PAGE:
eGirls and eQuality Host South Korean Delegation!

IMG_1647Co-leaders of The eGirls Project and The eQuality Project, Professors Jane Bailey (uOttawa Faculty of Law) and Valerie Steeves (uOttawa Dept of Criminology), met with a delegation of seven officials from South Korea to discuss the issues of online hate propaganda and cyberbullying.  The meeting took place in the Faculty of Law’s Human Rights Research and Education Centre and included involvement from the Centre’s Director John Packer and Assistant Director Viviana Fernandez.

The Korean delegation included representatives from the National Human Rights Commission of Korea, the Korean Ministry of Justice and the Anti-Corruption and Civil Rights Commission of the Republic of Korea.  The discussion was enriched by the participation of other eQuality Project members Leslie Regan Shade (eQuality Project co-investigator), Sarah Heath (eQuality Project manager) and Dillon Black of the Ottawa Coalition to End Violence Against Women (an eQuality Project partner organization).

Building on the findings from The eGirls Project,
The eQuality Project is investigating youth perspectives of privacy, equality, online harassment and “cyberbullying”, including the impact that online behavioural targeting of youth may have on these kinds of behaviours.

Coming soon!! The eQuality Project!!

The eGirls team is expanding and launching a new $2.5 million seven year partnership funded by the Social Sciences and Humanities Research Council.

The project will use a highly innovative approach to examine privacy, online behavioural targeting and cyberbullying through an equality lens. The economic model behind e-commerce – disclosure of information in exchange for services – leads youth to drop terabytes of data (often unknowingly) as they go about their daily lives. This data is used in a wide variety of ways, including behavioural marketing that shapes attitudes and behaviours; and profiling, which — as the eGirls Project demonstrated — can also reinforce mainstream stereotypes and lead to discrimination and cyberbullying.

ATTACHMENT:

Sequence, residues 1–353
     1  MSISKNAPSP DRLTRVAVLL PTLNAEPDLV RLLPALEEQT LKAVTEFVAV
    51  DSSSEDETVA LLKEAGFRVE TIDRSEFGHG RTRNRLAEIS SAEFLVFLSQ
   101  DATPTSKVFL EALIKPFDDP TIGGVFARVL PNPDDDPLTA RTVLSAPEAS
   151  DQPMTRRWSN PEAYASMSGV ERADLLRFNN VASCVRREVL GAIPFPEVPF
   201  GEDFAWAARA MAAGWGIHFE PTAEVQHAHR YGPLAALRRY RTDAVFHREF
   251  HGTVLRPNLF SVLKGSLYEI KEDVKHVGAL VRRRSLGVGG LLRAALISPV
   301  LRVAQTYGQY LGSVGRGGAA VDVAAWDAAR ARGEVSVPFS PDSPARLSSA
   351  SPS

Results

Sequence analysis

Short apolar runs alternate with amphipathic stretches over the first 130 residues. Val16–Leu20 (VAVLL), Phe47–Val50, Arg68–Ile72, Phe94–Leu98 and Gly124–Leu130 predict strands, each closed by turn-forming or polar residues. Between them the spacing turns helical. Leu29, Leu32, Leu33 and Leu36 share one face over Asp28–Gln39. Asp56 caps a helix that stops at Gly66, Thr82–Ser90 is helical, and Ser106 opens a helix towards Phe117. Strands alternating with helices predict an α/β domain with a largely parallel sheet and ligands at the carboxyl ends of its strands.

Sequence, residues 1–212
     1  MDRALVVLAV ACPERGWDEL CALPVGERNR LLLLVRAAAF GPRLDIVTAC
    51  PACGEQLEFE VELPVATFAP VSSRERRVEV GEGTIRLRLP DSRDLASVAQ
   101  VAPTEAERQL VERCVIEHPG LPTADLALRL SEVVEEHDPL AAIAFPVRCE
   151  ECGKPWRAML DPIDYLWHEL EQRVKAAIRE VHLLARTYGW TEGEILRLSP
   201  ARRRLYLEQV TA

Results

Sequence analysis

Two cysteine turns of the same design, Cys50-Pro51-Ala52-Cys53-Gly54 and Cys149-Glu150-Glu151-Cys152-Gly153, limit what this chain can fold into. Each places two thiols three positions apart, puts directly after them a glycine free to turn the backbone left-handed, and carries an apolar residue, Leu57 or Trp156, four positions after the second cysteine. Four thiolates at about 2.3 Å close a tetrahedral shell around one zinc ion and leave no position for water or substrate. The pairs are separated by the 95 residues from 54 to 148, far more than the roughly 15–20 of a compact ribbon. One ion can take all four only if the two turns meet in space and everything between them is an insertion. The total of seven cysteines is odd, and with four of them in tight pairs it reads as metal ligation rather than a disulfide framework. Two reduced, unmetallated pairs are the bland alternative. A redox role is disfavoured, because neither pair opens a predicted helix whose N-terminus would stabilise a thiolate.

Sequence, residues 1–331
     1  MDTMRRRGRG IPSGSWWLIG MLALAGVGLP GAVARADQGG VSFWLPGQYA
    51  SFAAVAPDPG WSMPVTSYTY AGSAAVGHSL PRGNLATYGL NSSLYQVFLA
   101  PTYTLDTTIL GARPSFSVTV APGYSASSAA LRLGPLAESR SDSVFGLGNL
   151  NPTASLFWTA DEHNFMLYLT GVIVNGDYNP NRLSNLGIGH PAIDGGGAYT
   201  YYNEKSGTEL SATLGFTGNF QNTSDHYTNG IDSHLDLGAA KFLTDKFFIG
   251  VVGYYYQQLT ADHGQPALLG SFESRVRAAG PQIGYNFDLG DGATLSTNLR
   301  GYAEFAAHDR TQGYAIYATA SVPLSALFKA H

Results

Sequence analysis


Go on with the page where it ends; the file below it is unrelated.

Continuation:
Our new partnership of research and policy institutes, policymakers, educators, community organizations, youth and scholars from Canada, the United States, the United Kingdom and Hong Kong will generate much-needed new knowledge, give youth a voice in best practices, inform digital economic policies, especially with respect to privacy, and reinvigorate the cyberbullying debate by identifying evidence-based policies that promote healthy relationships and respect for equality online.

We’re particularly proud to be one of only 15 projects chosen by SSHRC from a highly competitive pool of over 100 researchers from across the country.

eGirls, eCitizens: book launch at Congress 2015

We are excited to announce the launch of eGirls, eCitizens, a collective volume edited by Professors Bailey and Steeves (and featuring chapters by eGirls researchers Jacquie Burkell, Priscilla Regan, Madelaine Saginur, Trevor Scott Milford and Sarah Heath. eGirls, eCitizens will be published by uOttawa Press and is available for purchase or free electronic download here. The volume will be launched on June 3, 2015 from 4-5pm, at the Expo Event Space (Montpetit gym), during Congress of Social Sciences & Humanities 2015, hosted by the University of Ottawa. For more details on the contents of this edited volume, please click the “research” tab above.

eGirls researchers will also be presenting in two panels at the Congress of Social Sciences Humanities 2015, both held on 05 June at the University of Ottawa.

A round-table discussion by contributors to eGirls, eCitizens (uOttawa Press, 2015) will be held at the Canadian Communication Association Conference from 10:15 am – 11:45 am at STE C0136. The panel presentation, entitled “eGirls, eCitizens: A Dialogue on Theory and Policy”, will highlight the contributions of several authors of the eGirls, eCitizens volume, including Valerie Steeves, Jane Bailey, Leslie Regan Shade, Madelaine Saginur, Trevor Scott Milford and Sarah Heath. The full schedule for this panel can be seen here.